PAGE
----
Why I Sold BP Prudhoe Bay Royalty Trust

| About: BP Prudhoe (BPT)

When a position declines from my original entry point I like to reevaluate my original thesis for entering into the position. If the thesis is still intact I am content to sit and wait for the story to develop, similar to what I have detailed in my Intel (NASDAQ:INTC) holding which can be reviewed here. Sadly, the case for BP Prudhoe Bay Royalty Trust (NYSE:BPT) has changed for the worse and I have exited the position. In the article below I will detail the two main reasons why my thinking has changed leading to a liquidation of my position.

In September of 2012 the Fed just initiated a new round of quantitative easing dubbed QE3. The increased activity by the Fed led me to conclude that the US Dollar would remain weak as interest rates were suppressed at an artificially low level. I concluded that commodities would have a nice tailwind at their backs and would continue to appreciate while this policy is in effect. I viewed a position in BPT as a worthwhile investment as the Fed continued this policy into 2015.

The above scenario hasn't changed the intended outcome, an artificially depressed dollar hasn't materialized. To my great surprise the dollar has started to strengthen against the euro and the Japanese yen as both are actively contemplating easing or a similar QE program. The Japanese government has publicly telegraphed that they want a dramatically weaker yen. As we can see from the chart below the yen has weakened sharply since the November elections leading to my bullish call on the Japanese stock market which can be seen here.

Euro to US Dollar Exchange Rate Chart

Euro to US Dollar Exchange Rate data by YCharts

US Dollar to Japanese Yen Exchange Rate Chart

US Dollar to Japanese Yen Exchange Rate data by YCharts

The dollars appreciation has led to lower prices in commodities including oil. As we can see from the chart below oil hasn't approached the peak prices we saw at a similar time last year. In the winter as BPT was heading lower, the price of oil was still significantly above where it was at the same point the year before, leading me to conclude that the investment thesis remained intact. The unforeseen strengthening of the dollar has altered the equation in a negative manner, invalidating my investment thesis for BPT, leading me to liquidate the position.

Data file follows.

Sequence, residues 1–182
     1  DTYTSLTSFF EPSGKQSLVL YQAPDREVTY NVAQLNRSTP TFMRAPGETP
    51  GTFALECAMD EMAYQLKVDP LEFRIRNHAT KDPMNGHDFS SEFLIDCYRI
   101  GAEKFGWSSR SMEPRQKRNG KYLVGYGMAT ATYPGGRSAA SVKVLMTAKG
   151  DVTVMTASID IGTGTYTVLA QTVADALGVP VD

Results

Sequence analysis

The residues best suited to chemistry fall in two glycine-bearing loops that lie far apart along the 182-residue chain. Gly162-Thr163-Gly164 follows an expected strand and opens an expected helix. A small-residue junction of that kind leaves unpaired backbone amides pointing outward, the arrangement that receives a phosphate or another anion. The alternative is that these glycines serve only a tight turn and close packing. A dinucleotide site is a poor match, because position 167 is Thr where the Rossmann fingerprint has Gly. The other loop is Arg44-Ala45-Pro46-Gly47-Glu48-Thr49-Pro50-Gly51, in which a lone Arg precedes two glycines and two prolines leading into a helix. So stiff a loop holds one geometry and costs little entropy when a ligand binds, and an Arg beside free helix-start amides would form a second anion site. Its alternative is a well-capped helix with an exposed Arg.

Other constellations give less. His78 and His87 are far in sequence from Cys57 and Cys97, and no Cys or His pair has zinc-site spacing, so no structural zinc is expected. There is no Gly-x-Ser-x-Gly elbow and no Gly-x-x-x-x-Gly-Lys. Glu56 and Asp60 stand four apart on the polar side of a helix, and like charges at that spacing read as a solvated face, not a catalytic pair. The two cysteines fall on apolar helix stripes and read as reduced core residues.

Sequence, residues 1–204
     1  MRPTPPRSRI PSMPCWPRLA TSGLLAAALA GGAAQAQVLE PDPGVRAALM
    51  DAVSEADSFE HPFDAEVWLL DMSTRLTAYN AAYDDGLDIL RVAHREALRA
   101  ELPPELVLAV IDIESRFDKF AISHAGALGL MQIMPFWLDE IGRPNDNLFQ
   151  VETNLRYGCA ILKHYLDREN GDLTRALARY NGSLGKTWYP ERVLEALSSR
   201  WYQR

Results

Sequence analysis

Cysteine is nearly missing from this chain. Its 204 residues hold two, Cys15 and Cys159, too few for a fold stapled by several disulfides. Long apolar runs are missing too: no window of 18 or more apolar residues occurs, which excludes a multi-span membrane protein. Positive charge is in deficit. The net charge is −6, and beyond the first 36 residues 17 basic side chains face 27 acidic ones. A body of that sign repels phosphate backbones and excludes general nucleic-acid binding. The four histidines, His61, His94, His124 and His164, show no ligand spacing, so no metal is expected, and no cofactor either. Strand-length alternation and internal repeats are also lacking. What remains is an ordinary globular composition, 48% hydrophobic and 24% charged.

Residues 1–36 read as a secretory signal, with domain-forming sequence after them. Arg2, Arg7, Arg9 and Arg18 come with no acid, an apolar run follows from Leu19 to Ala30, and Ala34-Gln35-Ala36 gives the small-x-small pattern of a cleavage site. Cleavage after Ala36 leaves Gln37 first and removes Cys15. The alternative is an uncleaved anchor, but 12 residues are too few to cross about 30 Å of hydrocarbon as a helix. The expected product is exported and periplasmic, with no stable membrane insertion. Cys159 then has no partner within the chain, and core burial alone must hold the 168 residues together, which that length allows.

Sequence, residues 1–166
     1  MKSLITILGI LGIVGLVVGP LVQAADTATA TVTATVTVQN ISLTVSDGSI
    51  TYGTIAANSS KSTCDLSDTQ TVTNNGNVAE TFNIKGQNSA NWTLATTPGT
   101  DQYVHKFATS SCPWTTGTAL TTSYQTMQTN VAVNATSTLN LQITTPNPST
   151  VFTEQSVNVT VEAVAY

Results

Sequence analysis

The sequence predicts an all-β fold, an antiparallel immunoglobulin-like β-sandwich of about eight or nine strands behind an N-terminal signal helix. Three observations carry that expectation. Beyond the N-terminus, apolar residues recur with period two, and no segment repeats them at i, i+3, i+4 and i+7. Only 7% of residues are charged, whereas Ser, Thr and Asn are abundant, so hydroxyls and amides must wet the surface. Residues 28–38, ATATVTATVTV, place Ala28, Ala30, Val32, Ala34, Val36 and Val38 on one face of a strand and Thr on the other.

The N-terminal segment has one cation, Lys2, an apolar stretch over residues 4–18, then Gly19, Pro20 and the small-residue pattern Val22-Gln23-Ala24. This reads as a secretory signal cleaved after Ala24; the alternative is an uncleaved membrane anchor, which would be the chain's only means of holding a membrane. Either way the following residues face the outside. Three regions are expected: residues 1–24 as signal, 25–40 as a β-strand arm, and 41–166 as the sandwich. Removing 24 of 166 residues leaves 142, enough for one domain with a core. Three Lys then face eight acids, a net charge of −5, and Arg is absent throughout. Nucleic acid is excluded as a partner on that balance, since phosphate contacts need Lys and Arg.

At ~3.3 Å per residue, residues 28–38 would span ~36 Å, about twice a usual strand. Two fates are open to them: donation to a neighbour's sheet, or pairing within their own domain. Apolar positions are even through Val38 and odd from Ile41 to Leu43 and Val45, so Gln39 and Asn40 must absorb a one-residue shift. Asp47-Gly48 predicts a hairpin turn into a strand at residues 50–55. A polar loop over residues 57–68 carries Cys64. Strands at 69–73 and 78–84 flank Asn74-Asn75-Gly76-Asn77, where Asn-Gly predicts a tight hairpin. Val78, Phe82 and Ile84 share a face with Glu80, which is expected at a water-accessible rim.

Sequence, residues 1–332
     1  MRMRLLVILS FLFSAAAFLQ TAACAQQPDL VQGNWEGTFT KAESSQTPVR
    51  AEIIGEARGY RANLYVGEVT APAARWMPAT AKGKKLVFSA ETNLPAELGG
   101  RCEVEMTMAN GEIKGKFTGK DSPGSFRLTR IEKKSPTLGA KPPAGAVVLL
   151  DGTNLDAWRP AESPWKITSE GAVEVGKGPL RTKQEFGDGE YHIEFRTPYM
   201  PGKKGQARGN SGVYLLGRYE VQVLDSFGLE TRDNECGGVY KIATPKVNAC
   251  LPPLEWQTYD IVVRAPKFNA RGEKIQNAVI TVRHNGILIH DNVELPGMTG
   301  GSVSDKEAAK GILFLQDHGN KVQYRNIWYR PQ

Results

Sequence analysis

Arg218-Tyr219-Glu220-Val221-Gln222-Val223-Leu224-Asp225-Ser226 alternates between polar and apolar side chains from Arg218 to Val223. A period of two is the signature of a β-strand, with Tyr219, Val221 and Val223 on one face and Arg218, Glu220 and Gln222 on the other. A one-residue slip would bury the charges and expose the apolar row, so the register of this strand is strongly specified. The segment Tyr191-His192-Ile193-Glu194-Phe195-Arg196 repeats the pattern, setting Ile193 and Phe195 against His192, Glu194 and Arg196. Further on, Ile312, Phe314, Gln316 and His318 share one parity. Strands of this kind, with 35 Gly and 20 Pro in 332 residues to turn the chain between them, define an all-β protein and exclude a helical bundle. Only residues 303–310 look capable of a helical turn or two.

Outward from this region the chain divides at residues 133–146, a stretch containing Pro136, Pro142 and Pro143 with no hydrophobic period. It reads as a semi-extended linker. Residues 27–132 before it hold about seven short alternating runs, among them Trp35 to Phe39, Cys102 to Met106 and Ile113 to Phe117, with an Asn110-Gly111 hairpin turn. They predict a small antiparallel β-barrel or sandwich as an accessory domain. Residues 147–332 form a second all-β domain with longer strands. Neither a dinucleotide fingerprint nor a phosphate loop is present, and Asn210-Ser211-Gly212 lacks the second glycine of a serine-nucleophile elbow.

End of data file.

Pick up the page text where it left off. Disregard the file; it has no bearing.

WTI Crude Oil Spot Price Chart

WTI Crude Oil Spot Price data by YCharts

The dividend/return of capital component of the trust that many investors find appealing has been negatively impacted by the above developments as well. A royalty trust distributes the proceeds from the sale of oil less expenses. The biggest risk to the "dividend" stream has been the price of oil and the trust's ability to keep operations flowing at an uninterrupted level. With the trend in oil now favoring lower prices I anticipate lower dividends to be forthcoming from the trust. The trust has stated that they expect the cost of extracting oil to continue to rise well into the foreseeable future. With lower prices combined with higher costs the dividend will be underwhelming, making the risk reward relationship for holding the trust unappealing in my view.

In summary the investment thesis has been invalidated by a stronger dollar necessitating the liquidation of my position. As much as I hate selling for a loss it is better to accept a smaller loss than tie up capital and accept a much bigger loss in the future.

Disclosure: I have no positions in any stocks mentioned, and no plans to initiate any positions within the next 72 hours. I wrote this article myself, and it expresses my own opinions. I am not receiving compensation for it (other than from Seeking Alpha). I have no business relationship with any company whose stock is mentioned in this article.

Additional disclosure: Tha above article is for informational purposes only and not actual investment advise.